The infamous party culture has survived stubborn efforts to democratize the university. It thrives in a variety of rarefied clubs, Great Gatsby on the Cherwell, a potlatch of extravagant consumption. If anything, it now looks like a parody of itself. A biography of former Prime Minister David Cameron published when he was in office claimed that he had done something unspeakable to the head of a pig carcass during his days at the Bullingdon Club, an elite Oxford drinking society. The story was embarrassing and credible, coming as it did from Lord Ashcroft, Cameron’s friend from Oxford and a familiar figure in British politics. Plus, it sounded like the kind of thing you’d expect the toffs to do when no one was looking.
At Oxford and Cambridge, “jolly boys” like Cameron and Johnson partied and made connections. But alongside everyone else, they also trained extensively in the art of bullshit. Johnson made President of the Oxford Union debating society, where you won “not by boring the audience with detail, but with jokes and ad hominem jibes,” writes Oxford graduate Simon Kuper. Coming from a British public school background, they were ahead of the pack.
In a culture of bullshit, the greatest sin is to mean what you say. The greatest achievement is a state beyond truth or lies, where you can pluck out facts to suit your purpose while obscuring the greater context. It’s a universal wrench in the toolkit of the politician or any other ambitious soul who seeks to exert influence. In many ways, Johnson’s entire career has been about bullshit, like the stories he wrote bashing the European Union when he was a journalist for the Telegraph: “Italy fails to measure up on condoms,” said one story implying that Italians had smaller penises, a garbled fever dream that wilfully misinterpreted the safety concerns of Italian scientists.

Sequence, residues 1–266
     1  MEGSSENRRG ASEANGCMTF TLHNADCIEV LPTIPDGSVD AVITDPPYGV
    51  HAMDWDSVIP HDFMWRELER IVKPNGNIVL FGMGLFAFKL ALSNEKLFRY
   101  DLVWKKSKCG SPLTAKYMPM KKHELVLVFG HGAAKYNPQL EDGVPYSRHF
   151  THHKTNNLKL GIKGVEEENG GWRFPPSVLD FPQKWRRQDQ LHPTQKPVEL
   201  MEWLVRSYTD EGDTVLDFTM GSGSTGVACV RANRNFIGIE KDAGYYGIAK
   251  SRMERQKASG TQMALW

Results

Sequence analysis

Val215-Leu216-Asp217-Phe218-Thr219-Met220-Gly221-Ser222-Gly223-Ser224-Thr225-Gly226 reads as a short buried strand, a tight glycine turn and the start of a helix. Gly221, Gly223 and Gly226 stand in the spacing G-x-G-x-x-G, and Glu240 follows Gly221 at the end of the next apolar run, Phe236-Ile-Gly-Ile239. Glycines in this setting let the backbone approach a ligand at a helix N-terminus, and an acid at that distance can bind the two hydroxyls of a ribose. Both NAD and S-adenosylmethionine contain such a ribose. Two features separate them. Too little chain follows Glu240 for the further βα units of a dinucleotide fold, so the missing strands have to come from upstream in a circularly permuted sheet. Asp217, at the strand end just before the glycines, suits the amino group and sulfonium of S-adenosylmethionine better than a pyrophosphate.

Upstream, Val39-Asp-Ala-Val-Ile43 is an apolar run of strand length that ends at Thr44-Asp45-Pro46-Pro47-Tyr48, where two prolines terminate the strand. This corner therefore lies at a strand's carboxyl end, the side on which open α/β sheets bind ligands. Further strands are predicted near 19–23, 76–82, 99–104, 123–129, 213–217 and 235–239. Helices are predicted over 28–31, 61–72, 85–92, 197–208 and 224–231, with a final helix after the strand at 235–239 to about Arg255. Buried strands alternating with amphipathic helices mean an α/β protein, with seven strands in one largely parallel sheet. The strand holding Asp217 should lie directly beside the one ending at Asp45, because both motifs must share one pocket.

Being good at bullshit allows you to reveal what you truly believe without being held accountable. Johnson has a long history of making remarks that would sink a more honest man. He once referred to African children as “piccaninnies” in the Daily Telegraph; the people of Congo, he added, would “break out in watermelon smiles to see the big white chief” Tony Blair, who was then visiting the country. He called gay men “tank-topped bumboys” and more recently said that Muslim women who wear the niqab look like bank robbers and letter boxes. Confronted about remarks like these, his defense is generally to say they were “satirical” or taken out of context. Johnson wants us to think that anyone who holds him accountable is a nerd, a loser who isn’t in on the joke.
Bullshit doesn’t always come in the form of words. It’s a holistic praxis that transcends semantics. Johnson’s trademark floppy hair is a prime example of bullshit. He’s known to muss it up before public appearances. Photos from his Oxford days show a carefully combed fringe that stays in place even when he’s roaring drunk. Look at me, says the floppy hair, I’m harmless. With hair like this, I couldn’t possibly subvert democracy in my selfish thirst for power.
In my classes at Oxford, there was fierce competition to have the cleverest lines while at the same time appearing to do the least amount of work. There were books to read and essays to write about a succession of new subjects that we were supposed to speak about with mastery and confidence. We would rarely admit that we hadn’t read or heard of something extravagantly obscure. For Modern Languages, every week for a year, we had 10 to 15 minutes to prepare a five-minute presentation on a theme assigned on the spot. It was a military education in the rhetorical arts. Handed a topic, you learned to bluff your way through anything, even if it made you sweat. Lack of panache in the execution was a sign of a weak character.